Novell has just released the latest versions of its flagship operating system: SLED (SUSE Linux Enterprise Desktop) and SLES (SUSE Linux Enterprise Server) 11. You don't have to be a Linux expert to quickly see what's different about these Linux distributions. SLE is easily the most Windows-friendly of any edition of Linux in history.
How friendly? I've already been using SLED 11 for a few days and I can now say that you can manage SLED workstations with AD (Active Directory); read and write Office 2007 file formats; watch and listen to Microsoft Silverlight and Windows Media videos and audio; and work smoothly and fully with Exchange server. SLED's the closest thing you've ever seen to a Windows desktop that's actually Linux. For more on that, look for my SLED review in ComputerWorld later this week.
Novell and Microsoft's partnership doesn't stop at the desktop. Novell states that SLE will run at near-native performance on Microsoft Hyper-V virtualization. While I haven't done any extensive testing of this, I have used a SLES 11 beta on Hyper-V running on Windows Server 2008, and it was darn fast.
Novell has also introduced a new product along with SLE: SUSE Linux Enterprise Mono Extension. Mono is a Novell-sponsored, open-source project that enables administrators and users to run .NET based applications on Linux. This new product provides commercial support for Mono. The company claims that SUSE Linux Enterprise Mono Extension will allow organizations to consolidate their .NET applications onto Linux, dramatically saving costs.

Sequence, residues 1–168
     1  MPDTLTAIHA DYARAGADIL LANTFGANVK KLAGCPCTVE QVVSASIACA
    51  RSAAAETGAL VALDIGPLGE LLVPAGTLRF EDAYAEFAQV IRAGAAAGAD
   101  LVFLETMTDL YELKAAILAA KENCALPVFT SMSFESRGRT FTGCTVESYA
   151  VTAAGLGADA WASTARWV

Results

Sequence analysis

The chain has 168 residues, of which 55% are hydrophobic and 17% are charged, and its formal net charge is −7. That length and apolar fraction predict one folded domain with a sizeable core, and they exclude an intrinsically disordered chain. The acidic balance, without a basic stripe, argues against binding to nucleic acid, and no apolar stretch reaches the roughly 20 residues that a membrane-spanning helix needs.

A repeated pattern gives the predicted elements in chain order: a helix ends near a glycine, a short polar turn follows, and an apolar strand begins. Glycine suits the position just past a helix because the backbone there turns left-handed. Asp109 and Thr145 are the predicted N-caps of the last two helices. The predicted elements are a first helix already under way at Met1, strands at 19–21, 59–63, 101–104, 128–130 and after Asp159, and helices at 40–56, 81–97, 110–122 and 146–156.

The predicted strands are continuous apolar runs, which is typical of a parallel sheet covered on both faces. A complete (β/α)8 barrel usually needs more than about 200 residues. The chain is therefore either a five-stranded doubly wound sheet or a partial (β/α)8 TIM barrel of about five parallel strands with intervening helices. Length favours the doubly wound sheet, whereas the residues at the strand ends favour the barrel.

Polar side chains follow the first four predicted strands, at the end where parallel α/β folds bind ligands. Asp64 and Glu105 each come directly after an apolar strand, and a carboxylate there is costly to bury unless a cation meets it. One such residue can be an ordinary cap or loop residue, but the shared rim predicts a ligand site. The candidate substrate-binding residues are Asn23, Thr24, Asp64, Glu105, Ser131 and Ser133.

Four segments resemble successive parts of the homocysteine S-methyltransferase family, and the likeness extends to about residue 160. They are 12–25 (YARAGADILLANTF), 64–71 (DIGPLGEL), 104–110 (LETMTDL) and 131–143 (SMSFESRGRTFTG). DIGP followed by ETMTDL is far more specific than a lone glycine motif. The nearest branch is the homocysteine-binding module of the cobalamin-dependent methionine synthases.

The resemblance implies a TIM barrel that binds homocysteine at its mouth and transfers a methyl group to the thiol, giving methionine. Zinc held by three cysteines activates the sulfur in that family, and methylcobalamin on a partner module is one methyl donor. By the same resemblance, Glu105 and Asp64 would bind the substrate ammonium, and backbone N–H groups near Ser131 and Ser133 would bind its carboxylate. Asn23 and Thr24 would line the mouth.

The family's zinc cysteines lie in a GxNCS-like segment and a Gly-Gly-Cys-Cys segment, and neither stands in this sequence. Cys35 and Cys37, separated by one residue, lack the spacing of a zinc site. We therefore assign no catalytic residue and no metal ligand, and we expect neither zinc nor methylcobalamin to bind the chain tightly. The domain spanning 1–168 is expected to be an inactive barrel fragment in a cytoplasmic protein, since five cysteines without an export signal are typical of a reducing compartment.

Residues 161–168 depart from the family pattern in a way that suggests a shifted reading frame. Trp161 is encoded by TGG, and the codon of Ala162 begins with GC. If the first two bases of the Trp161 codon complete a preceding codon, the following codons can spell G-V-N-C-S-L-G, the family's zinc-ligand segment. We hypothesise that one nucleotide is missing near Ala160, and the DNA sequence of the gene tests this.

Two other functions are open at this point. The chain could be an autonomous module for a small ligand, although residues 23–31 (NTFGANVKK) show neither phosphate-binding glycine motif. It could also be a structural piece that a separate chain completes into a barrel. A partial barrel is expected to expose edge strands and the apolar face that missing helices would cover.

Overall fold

In particular, Novell claims that SUSE Linux Enterprise Mono Extension will work on mainframes. In other words, you can run .NET-based applications on IBM System z. Frankly, this strikes me as doing more than anything Microsoft has ever done to make it possible that .NET might finally challenge Java-based server applications.
This is all good news for Windows users who want their Windows infrastructure with some Linux stability. Free software purists, who see Novell as the Benedict Arnold of Linux for partnering with Microsoft, have another take.
Roy S. Schestowitz, an editor at Boycott Novell told me that there are two ways of how to look at the Novell SLE news: "Version one: Microsoft and Novell work on interoperability for the benefit of the Linux community." And, "Version two: Microsoft infects Open Source with the Novell/Microsoft patent covenant, Mono/.NET, and Microsoft codecs."
You can guess which way he sees it.
I straddle the middle. While I can see Schestowitz's point, I also think that SLE, by serving as a bridge between Windows users and Linux, will end up making all Linuxes, and not just Novell's, more popular in the long run.
That said, the reality is that Red Hat, which partners with Microsoft, but keeps the boys from Redmond at a distance, has maintained its lion's share of the business Linux market, while Novell has stayed a distant second. Perhaps being Windows compatible isn't all it's cracked up to be.